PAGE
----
During the winter, a group of military vehicles arrives at the school at night. The entire seventh-year class is called outside, where Gauleiter Heinrich Steiner informs them that a group of Soviet POW’s have overpowered their guards, stolen weapons, and escaped from the nearby village. The boys are armed with Karabiner 98k rifles and sent into the woods to search for them. Friedrich and Albrecht, assigned to the same group, end up deep in the frozen woods. Abruptly, a group of figures come out of hiding and try to run back over the crest of a nearby hill, ignoring the boys’ shouts to halt. The boys open fire, shooting each of the Russians. Moving closer, they are shocked to find that not only were none of the prisoners armed, but they were all young boys, no older than the German students. A horrified Albrecht vainly tries to bandage the wounds of one prisoner still left alive, but his father arrives with a search party and shoots the Russian. As the boys are taken back to Allenstein, they see the rest of the POW’s being rounded up and hear a long, rattling fusillade of gunfire in the woods.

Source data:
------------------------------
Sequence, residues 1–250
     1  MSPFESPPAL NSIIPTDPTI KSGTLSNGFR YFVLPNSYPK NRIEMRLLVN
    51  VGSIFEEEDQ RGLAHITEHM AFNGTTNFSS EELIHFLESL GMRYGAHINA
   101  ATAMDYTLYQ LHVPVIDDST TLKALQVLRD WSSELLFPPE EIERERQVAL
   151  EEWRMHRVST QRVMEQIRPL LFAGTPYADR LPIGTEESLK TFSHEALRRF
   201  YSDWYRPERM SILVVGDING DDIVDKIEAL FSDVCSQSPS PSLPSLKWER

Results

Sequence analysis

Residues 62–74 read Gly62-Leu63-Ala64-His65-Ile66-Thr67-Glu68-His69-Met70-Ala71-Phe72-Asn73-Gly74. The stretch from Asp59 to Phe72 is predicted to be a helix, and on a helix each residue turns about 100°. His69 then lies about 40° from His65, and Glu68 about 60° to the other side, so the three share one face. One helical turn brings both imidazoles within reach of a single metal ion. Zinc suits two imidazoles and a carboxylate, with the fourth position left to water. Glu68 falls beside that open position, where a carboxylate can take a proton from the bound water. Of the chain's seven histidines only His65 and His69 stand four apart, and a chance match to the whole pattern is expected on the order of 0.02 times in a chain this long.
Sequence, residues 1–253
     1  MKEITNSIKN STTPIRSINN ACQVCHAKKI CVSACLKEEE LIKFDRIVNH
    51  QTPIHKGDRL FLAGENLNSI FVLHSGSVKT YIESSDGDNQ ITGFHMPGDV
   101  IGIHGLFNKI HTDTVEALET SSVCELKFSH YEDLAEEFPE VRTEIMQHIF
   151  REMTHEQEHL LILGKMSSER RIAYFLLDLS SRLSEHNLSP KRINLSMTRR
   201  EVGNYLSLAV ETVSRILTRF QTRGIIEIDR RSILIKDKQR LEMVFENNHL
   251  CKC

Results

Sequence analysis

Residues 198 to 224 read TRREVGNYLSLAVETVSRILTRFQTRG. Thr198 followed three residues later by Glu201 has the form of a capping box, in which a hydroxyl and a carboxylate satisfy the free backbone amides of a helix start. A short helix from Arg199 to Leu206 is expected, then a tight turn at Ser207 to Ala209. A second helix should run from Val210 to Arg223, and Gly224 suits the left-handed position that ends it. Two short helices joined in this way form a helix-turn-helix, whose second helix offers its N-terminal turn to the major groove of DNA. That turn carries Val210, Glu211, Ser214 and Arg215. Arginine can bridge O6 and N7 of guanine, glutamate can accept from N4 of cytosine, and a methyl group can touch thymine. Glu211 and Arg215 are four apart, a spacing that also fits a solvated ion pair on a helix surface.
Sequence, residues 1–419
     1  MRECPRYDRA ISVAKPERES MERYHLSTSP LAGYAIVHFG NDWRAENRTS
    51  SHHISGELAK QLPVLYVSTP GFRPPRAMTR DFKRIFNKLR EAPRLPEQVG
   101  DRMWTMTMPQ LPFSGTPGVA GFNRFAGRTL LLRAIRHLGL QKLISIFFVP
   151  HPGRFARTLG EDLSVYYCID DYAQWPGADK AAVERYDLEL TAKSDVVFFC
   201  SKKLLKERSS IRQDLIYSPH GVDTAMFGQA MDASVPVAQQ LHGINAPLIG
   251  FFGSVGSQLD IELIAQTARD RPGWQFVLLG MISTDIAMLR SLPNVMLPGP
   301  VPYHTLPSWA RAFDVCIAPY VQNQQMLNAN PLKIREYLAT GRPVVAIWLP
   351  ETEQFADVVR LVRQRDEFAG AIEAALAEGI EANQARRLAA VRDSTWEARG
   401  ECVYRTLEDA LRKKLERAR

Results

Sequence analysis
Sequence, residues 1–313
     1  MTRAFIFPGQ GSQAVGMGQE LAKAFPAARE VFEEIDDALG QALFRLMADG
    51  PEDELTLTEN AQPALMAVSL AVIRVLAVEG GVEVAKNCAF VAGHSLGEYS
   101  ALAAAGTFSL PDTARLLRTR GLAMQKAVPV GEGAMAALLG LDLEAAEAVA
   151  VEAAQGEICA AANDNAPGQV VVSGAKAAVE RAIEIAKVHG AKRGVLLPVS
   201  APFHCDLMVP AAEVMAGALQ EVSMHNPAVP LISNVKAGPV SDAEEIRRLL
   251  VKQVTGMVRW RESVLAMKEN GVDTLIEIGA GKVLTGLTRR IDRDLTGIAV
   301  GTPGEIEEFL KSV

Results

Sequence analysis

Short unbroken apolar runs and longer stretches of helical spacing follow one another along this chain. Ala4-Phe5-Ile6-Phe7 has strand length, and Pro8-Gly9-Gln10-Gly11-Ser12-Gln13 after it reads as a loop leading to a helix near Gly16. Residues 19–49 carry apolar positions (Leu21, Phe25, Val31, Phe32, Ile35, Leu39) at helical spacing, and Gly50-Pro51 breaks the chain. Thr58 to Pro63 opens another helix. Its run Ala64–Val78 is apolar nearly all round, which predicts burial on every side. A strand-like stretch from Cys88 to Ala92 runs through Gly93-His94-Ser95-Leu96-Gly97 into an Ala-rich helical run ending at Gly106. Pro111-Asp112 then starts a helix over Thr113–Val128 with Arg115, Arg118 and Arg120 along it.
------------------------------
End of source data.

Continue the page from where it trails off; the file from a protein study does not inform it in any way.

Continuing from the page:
In class the next day, Albrecht reads aloud an essay in which he condemns the execution of the Soviet POW’s as a criminal act and his own participation in it as “evil”. Outraged, school authorities summon his father, who coldly informs Albrecht that he will write a new essay, starting with an apology for his previous statements. Albrecht instead writes a second essay in which he condemns his father for ordering the POW’s executed. Learning that Albrecht is to be expelled from school and drafted into the Waffen-SS to fight on the Eastern Front, Friedrich asks what he will do next. Albrecht answers, “I don’t know.”